Why Boundaries Are Essential In Healthy Relationships And Lasting Love

Posted by Evie Shafner, LMFT on January 11, 2022 at 5:00 AM
Evie Shafner, LMFT

5 minute read

boundaries and healthy love

A boundary is simply a border, a line around us that teaches people how to respond to us. Knowing what healthy boundaries are and feeling entitled to have them is crucial to our whole lives and crucial to having a healthy relationship.

Without healthy boundaries, we can feel hurt, feel taken advantage of, over-give, feel depleted, and tolerate the not-tolerable. We need to know where we stop in any relationship, and someone else starts.

Many of us did not grow up learning how to have healthy boundaries. Our boundaries may have been violated in subtle and not-so-subtle ways. The good news is, we can learn how to cultivate them. Clear boundaries are part of a healthy sense of life and healthy relationships. We take good care of ourselves and teach our partners how to take good care of us.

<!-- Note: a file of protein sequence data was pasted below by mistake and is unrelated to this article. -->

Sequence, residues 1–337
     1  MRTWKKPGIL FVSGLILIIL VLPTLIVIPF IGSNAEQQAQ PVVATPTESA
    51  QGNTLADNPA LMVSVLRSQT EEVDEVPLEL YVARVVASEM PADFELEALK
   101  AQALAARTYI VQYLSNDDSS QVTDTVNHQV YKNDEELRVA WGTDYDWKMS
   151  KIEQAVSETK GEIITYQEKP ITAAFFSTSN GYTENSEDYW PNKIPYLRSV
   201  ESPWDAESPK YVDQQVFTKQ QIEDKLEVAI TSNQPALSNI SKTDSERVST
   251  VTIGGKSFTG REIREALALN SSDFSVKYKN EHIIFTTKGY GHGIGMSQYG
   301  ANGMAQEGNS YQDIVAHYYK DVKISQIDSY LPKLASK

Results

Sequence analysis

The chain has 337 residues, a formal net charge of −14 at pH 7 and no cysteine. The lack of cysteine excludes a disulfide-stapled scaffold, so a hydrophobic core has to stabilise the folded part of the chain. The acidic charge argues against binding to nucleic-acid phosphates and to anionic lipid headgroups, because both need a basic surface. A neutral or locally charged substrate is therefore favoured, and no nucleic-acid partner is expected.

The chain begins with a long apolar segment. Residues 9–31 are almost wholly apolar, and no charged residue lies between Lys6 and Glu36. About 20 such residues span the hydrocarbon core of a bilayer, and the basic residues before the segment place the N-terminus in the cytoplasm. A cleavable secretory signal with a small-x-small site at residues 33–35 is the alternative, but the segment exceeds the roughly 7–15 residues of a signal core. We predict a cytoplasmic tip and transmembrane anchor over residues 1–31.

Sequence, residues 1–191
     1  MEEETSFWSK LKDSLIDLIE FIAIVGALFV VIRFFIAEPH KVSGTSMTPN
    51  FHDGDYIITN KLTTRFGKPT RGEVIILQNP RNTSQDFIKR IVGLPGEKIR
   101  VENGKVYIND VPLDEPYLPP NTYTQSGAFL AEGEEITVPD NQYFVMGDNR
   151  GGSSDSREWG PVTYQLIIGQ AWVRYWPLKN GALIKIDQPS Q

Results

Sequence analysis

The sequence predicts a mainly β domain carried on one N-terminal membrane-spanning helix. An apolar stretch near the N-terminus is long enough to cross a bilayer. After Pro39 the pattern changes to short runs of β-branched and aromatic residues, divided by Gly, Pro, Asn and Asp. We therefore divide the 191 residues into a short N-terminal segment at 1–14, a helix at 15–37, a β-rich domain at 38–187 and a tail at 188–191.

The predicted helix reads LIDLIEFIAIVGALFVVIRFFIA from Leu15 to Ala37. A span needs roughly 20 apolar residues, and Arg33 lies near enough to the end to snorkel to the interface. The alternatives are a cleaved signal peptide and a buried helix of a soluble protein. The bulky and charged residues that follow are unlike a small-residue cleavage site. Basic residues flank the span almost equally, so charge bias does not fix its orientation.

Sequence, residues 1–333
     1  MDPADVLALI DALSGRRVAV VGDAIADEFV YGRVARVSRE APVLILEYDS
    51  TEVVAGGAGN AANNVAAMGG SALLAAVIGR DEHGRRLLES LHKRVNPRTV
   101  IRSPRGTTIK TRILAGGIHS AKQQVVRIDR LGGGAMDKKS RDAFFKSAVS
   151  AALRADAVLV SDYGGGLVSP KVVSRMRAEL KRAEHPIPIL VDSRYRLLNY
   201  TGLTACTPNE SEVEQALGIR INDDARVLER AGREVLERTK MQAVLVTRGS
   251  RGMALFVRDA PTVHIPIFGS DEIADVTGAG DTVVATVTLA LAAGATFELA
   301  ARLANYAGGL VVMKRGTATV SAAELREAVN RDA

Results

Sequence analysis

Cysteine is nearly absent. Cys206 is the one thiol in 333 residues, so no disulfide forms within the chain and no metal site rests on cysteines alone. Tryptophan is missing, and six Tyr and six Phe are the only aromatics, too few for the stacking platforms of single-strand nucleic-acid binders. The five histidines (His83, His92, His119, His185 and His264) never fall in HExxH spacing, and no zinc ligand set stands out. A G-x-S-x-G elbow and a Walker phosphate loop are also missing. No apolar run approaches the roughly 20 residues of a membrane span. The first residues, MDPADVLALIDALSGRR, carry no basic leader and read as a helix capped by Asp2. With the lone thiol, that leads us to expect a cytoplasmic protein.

It's not always easy to say no, but a person with enough sense of self can let the other be disappointed and know it's still ok. And we are still ok if they say no to us. Although there are some boundaries that people across the board might agree on, many of our preferences are personal. It's essential to know how to navigate it all, and these tips will help.

How To Navigate Boundaries For A Healthy Relationship

how to navigate relationship boundaries

To start, think about healthy boundaries in three entities:

  1. You
  2. Your Partner
  3. The Relationship

When both people are committed to taking good care of the relationship, it is easier to accept differences.

Now, let's look at four key areas essential for boundaries in healthy relationships.

#1 - Make Space For Another In The Relationship

relationship expectations